Plug-in City is one of many vast, visionary creations produced in the 1960s by the radical collaborative British architecture group Archigram, of which Cook was a founding member. A “megastructure” that incorporates residences, access routes, and essential services for the inhabitants, Plug-in City was designed to encourage change through obsolescence: each building outcrop is removable, and a permanent “craneway” facilitates continual rebuilding. Between 1960 and 1974, Archigram published nine provocative issues of its magazine and created more than nine hundred exuberant drawings illustrating imaginary architectural projects ranging in inspiration from technological developments to counterculture, from space travel to science fiction. The group’s work opposed the period’s functionalist ethos; Archigram designed nomadic alternatives to traditional ways of living, including wearable houses and walking cities—mobile, flexible, impermanent architecture that they hoped would be liberating.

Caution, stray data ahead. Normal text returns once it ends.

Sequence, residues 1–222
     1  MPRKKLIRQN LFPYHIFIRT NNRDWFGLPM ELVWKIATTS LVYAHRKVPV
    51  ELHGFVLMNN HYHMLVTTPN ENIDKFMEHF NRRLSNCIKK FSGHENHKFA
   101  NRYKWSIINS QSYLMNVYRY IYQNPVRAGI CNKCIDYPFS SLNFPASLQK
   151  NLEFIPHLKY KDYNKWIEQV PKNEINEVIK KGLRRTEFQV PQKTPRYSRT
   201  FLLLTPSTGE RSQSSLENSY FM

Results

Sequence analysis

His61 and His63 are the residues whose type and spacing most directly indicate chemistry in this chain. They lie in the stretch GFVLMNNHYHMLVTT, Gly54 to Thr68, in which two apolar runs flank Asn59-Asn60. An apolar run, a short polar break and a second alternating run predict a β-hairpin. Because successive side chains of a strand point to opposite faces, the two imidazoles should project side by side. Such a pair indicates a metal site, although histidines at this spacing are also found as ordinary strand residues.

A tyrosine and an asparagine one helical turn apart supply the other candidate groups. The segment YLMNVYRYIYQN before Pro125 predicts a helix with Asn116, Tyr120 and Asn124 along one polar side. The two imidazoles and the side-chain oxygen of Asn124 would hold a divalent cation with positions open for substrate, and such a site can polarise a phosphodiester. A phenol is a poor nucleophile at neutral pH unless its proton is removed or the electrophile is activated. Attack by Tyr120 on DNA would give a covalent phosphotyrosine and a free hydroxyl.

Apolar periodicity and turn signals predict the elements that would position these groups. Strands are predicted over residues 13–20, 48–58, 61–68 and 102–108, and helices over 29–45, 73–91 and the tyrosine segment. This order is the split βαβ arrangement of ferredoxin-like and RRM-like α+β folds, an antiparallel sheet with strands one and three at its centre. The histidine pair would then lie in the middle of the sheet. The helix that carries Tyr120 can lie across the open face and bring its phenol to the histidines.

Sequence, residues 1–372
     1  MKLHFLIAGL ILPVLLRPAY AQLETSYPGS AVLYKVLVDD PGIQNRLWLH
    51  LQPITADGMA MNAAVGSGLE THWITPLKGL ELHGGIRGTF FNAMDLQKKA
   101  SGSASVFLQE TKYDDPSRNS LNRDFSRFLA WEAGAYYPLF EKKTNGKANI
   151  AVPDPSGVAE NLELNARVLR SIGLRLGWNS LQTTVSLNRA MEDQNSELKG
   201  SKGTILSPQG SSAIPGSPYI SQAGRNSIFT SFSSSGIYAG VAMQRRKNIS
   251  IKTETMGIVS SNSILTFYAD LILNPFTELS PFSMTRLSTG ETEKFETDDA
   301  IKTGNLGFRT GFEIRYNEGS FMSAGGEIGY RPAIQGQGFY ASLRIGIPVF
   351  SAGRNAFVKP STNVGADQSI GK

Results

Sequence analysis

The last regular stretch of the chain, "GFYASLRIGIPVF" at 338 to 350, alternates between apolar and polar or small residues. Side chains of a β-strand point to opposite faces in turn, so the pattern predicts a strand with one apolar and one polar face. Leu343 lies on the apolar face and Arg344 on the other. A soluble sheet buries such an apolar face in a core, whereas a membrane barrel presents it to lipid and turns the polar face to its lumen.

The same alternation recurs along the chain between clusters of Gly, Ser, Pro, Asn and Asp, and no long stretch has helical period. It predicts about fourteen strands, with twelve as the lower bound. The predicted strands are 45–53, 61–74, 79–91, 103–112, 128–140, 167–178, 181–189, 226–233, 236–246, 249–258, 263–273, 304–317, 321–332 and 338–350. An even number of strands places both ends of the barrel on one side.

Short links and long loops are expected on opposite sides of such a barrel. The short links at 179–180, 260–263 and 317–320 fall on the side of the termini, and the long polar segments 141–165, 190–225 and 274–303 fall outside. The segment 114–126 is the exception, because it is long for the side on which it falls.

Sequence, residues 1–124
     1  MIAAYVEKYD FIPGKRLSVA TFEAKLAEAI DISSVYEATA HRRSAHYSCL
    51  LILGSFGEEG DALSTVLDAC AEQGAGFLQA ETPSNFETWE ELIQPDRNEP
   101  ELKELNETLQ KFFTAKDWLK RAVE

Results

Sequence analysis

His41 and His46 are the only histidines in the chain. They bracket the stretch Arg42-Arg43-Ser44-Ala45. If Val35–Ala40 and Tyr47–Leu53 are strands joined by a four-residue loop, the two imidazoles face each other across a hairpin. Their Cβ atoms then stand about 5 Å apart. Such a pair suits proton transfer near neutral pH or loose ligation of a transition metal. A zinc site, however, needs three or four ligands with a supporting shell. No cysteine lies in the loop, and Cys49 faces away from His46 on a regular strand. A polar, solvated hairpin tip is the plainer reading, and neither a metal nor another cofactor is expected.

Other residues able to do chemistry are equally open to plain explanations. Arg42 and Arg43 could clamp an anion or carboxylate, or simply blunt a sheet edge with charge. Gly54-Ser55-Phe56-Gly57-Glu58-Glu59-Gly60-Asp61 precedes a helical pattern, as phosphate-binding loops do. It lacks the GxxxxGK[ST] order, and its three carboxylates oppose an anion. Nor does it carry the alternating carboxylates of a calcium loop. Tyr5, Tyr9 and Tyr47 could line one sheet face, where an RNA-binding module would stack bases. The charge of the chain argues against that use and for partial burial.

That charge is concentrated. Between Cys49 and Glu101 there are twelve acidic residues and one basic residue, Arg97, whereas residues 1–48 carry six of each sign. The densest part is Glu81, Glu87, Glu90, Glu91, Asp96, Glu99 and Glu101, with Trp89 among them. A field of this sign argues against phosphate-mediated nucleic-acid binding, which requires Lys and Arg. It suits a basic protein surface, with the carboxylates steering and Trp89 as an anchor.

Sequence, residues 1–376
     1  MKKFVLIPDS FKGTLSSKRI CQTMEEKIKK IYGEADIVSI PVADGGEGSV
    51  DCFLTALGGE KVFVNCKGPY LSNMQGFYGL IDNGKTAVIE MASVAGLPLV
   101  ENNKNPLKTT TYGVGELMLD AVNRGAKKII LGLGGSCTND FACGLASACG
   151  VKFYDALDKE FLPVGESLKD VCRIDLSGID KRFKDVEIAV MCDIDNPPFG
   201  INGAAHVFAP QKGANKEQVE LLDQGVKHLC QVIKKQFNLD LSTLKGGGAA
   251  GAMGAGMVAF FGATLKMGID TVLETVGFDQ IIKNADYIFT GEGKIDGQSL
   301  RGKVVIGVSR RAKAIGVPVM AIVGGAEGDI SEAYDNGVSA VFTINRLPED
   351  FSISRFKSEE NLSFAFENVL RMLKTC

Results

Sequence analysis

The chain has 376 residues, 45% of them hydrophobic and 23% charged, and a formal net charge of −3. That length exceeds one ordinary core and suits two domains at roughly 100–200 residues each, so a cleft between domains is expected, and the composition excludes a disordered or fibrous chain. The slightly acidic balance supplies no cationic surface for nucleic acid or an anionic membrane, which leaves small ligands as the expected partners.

Gallery label from 9 + 1 Ways of Being Political: 50 Years of Political Stances in Architecture and Urban Design, September 12, 2012–March 25, 2013.
Peter Cook, a founding member of Archigram, was instrumental in fostering the British counterculture in the 1960s. He promoted the view that the preceding modernist period's functionalist architecture was worn out. His proposed remedy, the Plug-in City, was a visionary urban megastructure incorporating residences, access routes, and essential services for its inhabitants. Intended to accommodate and encourage changes necessitated by obsolescence, on an as-needed basis, the building nodes (houses, offices, supermarkets, universities), each with a different lifespan, would plug into a main "craneway", itself designed to last only forty years. The overall flexible and impermanent form would thus reflect the needs and collective will of the inhabitants.
Publication excerpt from an essay by Bevin Cline and Tina di Carlo, in Terence Riley, ed., The Changing of the Avant-Garde: Visionary Architectural Drawings from the Howard Gilman Collection, New York: The Museum of Modern Art, 2002, p. 50.